In 1995, Rhino Records also released a single-CD abridged version of their new Oz soundtrack which included all of the songs and some of the background score. This CD was re-released several times over the years with different artwork, and by different labels.
The first two discs here are the 1995 original single disc CD (below) and the Japanese version (under the EMI label – at left) released that same year. They’re followed by the 1997 reissue which was part of the label’s “WB Kids’ Music” / “Kid Rhino” series, featuring a different design. That’s followed by the 2010 Sony Music release, which was another copy of the original Rhino version, all the way down to the booklet. Only the logos changed. The “Warner Archive” version was released by WaterTower Music in 2012 and then again in 2014 with the official 75th-anniversary logo. WaterTower is the music label owned by Warner Bros. WaterTower has re-released several of the Rhino Records soundtracks. They’re copies of Rhino releases usually with the same artwork and the same booklets.
Unfortunately, none of the newer rereleases have been sonically upgraded. They’re simply copies of the tracks as originally released in 1995, with that low fidelity. All of the pre-recordings are long overdue for a new remastering with today’s technology which is light years ahead of what was accomplished in 1994/1995. Hopefully, Warner Bros. will revisit these recordings, upgrade them, and re-release them as new releases.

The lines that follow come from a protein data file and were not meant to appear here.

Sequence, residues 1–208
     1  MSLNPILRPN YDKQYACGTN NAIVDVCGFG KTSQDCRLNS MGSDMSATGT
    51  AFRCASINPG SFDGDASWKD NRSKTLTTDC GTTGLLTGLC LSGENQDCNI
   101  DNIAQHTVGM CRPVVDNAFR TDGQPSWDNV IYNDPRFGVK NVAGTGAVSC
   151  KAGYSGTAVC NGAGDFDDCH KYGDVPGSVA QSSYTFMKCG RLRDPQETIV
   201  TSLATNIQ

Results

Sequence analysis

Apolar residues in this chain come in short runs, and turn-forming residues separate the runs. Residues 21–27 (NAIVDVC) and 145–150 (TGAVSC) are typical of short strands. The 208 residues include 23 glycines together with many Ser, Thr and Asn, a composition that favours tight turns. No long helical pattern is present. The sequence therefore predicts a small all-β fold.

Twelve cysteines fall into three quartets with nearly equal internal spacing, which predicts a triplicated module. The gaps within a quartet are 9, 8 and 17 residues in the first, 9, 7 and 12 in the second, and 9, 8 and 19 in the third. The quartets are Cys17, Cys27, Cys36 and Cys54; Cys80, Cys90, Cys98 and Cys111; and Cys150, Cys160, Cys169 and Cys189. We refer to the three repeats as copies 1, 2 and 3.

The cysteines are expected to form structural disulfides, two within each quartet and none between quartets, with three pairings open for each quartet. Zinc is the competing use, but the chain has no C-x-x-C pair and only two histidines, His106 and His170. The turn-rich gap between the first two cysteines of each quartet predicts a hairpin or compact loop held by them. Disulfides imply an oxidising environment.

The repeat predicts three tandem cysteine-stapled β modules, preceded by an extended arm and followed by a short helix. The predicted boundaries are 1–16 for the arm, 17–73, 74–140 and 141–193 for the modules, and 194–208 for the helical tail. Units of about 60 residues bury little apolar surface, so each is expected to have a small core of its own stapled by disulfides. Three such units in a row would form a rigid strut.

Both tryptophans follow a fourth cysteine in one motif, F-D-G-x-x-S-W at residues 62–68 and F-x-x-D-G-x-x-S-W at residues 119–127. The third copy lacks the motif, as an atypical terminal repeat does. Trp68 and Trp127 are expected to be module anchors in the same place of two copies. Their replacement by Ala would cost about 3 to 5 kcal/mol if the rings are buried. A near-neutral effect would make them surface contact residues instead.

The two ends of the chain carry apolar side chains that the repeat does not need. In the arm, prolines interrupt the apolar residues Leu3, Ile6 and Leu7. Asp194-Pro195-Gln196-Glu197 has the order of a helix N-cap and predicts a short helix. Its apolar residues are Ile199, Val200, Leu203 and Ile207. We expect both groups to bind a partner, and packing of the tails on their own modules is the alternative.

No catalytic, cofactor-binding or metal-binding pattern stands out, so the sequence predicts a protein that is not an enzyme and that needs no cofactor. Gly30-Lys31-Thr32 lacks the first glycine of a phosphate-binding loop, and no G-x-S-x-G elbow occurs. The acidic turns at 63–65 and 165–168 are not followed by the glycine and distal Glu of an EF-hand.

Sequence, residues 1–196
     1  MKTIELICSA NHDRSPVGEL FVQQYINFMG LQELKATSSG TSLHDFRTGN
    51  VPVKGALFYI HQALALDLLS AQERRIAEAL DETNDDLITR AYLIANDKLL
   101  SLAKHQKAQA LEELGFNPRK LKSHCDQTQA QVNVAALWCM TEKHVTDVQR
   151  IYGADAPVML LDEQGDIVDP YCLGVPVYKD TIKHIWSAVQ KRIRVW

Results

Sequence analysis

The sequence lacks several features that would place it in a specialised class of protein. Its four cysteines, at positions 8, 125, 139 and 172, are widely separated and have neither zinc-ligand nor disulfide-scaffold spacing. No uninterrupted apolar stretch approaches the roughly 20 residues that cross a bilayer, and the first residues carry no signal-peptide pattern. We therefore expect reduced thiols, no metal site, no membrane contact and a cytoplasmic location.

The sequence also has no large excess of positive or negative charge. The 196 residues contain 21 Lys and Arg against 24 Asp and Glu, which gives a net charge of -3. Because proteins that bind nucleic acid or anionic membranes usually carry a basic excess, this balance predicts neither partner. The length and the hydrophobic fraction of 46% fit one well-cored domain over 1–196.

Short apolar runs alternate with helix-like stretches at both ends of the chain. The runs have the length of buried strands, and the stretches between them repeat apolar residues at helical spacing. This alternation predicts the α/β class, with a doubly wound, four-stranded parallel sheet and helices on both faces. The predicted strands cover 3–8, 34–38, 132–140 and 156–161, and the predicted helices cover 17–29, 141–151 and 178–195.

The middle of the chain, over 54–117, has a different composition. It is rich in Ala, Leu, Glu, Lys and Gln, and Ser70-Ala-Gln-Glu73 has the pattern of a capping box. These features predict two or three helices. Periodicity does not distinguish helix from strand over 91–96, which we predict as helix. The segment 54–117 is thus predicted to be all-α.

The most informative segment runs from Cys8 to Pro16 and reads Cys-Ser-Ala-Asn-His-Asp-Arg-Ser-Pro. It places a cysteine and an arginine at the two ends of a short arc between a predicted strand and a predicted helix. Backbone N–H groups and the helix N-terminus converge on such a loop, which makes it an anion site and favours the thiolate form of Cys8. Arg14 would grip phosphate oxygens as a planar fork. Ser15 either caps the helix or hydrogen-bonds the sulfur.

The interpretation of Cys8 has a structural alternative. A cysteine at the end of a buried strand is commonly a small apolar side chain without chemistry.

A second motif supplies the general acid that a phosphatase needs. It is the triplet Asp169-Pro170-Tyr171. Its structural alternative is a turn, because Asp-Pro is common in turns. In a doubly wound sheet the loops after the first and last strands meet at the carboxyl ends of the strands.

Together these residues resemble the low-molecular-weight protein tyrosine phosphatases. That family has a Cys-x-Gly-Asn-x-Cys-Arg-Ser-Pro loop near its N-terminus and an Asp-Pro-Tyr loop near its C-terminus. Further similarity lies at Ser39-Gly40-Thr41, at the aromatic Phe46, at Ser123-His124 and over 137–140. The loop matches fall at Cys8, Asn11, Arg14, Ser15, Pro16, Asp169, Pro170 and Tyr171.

After releasing the abridged soundtrack on a couple of single-disc CDs (see above), Rhino Records brought the album back full circle by releasing a new version of the original MGM Records “Musical and Dramatic Selections Recorded Directly From The Sound Track” format with this special edition. This 1998 version included the tagline “Featuring All of the Songs and Dialogue You Love.”
For this version of the story and songs of the film, the label used the newly remixed stereo soundtrack that was premiering with the re-release of the film in theaters for the 60th anniversary (a year early). Although some of it wasn’t true stereo, it still sounded great and was a much better listening experience than previous mono editions.
As a bonus, the CD was housed in a deluxe gatefold packaging complete with a “pop up” page (see below).
Listen to the 1998 “Story & Songs” CD:
In 1999, Rhino Records released this 2-CD set featuring classic MGM film scores from 1936 through 1965, all newly remastered and many making their CD debut.
The suite of music from The Wizard of Oz is a wonderful compilation. It’s the first time these remastered prerecordings were presented in stereo. Listen to the suite below:
After several decades of the Oz soundtrack being released on many CD releases, the vinyl format became popular again thanks to a renewed interest in the now “retro” format.
The Wizard of Oz reappeared on vinyl for one day only, “Record Store Day,” on April 19, 2014. The special green vinyl release included a link and code to download Ray Bolger’s early unused prerecording of “If I Only Had A Brain.” The producers of the LP claimed it was “newly discovered” although it had already been available since 2009. This was also the first time the remastered version of the soundtrack (the “Rhino version” from 1995) was released on vinyl. In 2015, this same version (including the download link) was given a general release but in the standard black vinyl format.